After the removal of the thyroid gland (thyroidectomy) thyroid hormones have to be substituted to attain a normal way of life. Thyroid hormone withdrawal for four to six weeks has been used for more than 50 years for the treatment of metastatic differentiated thyroid cancer after thyroidectomy because residual cancer cells may then be better destroyed by radiation therapy using radioiodine. Another therapeutic approach to prepare for radiation uses injections of technologically created (recombinant) human thyroid-stimulating hormone (thyrotropin, TSH) to avoid the symptoms of a malfunctioning thyroid gland (hypothyroidism), which are caused by thyroid hormone withdrawal. This technique has been approved for use in the diagnosis of recurrent and metastatic differentiated thyroid cancer and in the preparation of patients for elimination of normal thyroid remnants after thyroid surgery, but not for treatment of known locally recurrent or metastatic disease.
Overall 223 patients with differentiated thyroid cancer participated in four studies. The duration of the intervention (injections of recombinant human thyrotropin) was two days in all trials. Studies were of rather low quality. We found no statistically significant differences between recombinant human thyrotropin and thyroid hormone withdrawal treatment in terms of successful reduction of thyroid remnants or cancer cells but significant benefits in radiation exposure to blood and bone marrow. One trial reported on benefits in some domains of health-related quality of life. There were no deaths and no serious adverse effects observed, however maximum follow up was only 12 months. None of the included trials investigated complete or partial remission of metastatic tumour, secondary malignancies or economic outcomes. We did not find sufficient data comparing recombinant human thyrotropin with thyroid hormone withdrawal-aided radioiodine treatment for metastatic differentiated cancer.
Results from four randomised controlled clinical trials suggest that rhTSH is as effective as THW on iodine-131 thyroid remnant ablation, with limited data on significant benefits in decreased whole body radiation exposure and health-related quality of life. It is still uncertain whether lower iodine-131 doses (1110 MBq or 1850 MBq versus 3700 MBq) are equally effective for remnant ablation under rhTSH stimulation. Randomised controlled clinical trials are needed to guide treatment selection for metastatic differentiated thyroid cancer.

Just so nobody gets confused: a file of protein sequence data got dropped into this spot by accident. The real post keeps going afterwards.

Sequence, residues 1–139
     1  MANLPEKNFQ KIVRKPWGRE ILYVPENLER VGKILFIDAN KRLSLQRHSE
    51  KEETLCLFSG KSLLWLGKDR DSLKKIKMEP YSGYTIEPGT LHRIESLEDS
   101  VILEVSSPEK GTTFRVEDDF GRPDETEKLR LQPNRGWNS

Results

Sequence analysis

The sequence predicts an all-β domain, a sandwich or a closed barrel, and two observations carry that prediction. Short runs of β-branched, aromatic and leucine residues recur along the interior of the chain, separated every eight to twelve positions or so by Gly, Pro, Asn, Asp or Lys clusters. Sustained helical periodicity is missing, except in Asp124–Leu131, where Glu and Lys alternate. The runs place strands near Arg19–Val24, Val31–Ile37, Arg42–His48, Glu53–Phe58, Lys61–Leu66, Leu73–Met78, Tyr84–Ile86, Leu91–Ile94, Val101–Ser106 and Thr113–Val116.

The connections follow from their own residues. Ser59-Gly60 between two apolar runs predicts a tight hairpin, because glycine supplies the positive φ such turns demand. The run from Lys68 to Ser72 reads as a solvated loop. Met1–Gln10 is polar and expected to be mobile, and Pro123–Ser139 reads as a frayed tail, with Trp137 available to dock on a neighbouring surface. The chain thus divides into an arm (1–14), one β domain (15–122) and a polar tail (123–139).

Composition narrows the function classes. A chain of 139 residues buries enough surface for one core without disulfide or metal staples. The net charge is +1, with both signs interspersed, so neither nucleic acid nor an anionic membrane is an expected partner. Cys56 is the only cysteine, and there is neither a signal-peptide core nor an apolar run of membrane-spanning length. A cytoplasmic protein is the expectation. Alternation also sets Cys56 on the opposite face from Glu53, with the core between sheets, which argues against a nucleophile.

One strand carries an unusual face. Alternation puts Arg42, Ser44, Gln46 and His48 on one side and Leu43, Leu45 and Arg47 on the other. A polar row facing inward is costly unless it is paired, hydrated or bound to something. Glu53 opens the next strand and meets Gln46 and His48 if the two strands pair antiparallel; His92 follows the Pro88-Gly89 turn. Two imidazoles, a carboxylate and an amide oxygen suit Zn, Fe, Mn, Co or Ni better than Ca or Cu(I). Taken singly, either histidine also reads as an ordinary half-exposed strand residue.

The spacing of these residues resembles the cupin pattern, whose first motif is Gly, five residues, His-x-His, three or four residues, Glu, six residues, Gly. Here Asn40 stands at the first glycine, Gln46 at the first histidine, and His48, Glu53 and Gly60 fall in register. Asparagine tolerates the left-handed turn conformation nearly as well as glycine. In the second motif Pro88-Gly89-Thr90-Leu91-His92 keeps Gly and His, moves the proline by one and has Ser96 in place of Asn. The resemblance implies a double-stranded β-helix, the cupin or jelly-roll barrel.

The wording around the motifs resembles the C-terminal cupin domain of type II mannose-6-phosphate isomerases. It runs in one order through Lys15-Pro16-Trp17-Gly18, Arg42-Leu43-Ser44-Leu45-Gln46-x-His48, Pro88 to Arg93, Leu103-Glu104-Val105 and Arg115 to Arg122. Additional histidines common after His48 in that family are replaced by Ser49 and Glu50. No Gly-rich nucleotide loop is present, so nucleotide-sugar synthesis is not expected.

For patients with differentiated thyroid cancer (DTC) following thyroidectomy, thyroid hormone withdrawal (THW) for four to six weeks has been used for decades to increase serum thyroid-stimulating hormone (TSH) concentrations in order to enhance iodine-131 uptake by normal thyroid cells and differentiated thyroid tumour cells. Exogenous stimulation with recombinant human thyroid-stimulating hormone (rhTSH) offers an alternative to THW while avoiding the morbidity of hypothyroidism. However, the efficacy of rhTSH-aided iodine-131 treatment for residual or metastatic DTC has not been prospectively assessed.
To assess the effects of rhTSH-aided radioiodine treatment for normal residual or metastatic DTC.
We obtained studies from computerised searches of MEDLINE, EMBASE and The Cochrane Library (all until November 2009), and paper collections of conferences held in Chinese.
Randomised controlled clinical trials and quasi-randomised controlled clinical trials comparing the effects of rhTSH with THW on iodine-131 treatment for residual or metastatic differentiated thyroid cancer with at least six months of follow up.
Two authors independently assessed risk of bias and extracted data.
Altogether 223 patients with DTC participated in four trials. Overall, studies had a high risk of bias. We found no statistically significant differences between rhTSH and THW treatment in terms of successful ablation rate but significant benefits in radiation exposure to blood and bone marrow. One trial reported on benefits in some domains of health-related quality of life. There were no deaths and no serious adverse effects in DTC patients treated with either rhTSH or THW. Maximum follow up was 12 months. None of the included trials investigated complete or partial remission of metastatic tumour, secondary malignancies or economic outcomes. We did not find sufficient data comparing rhTSH with THW-aided radioiodine treatment for metastatic DTC.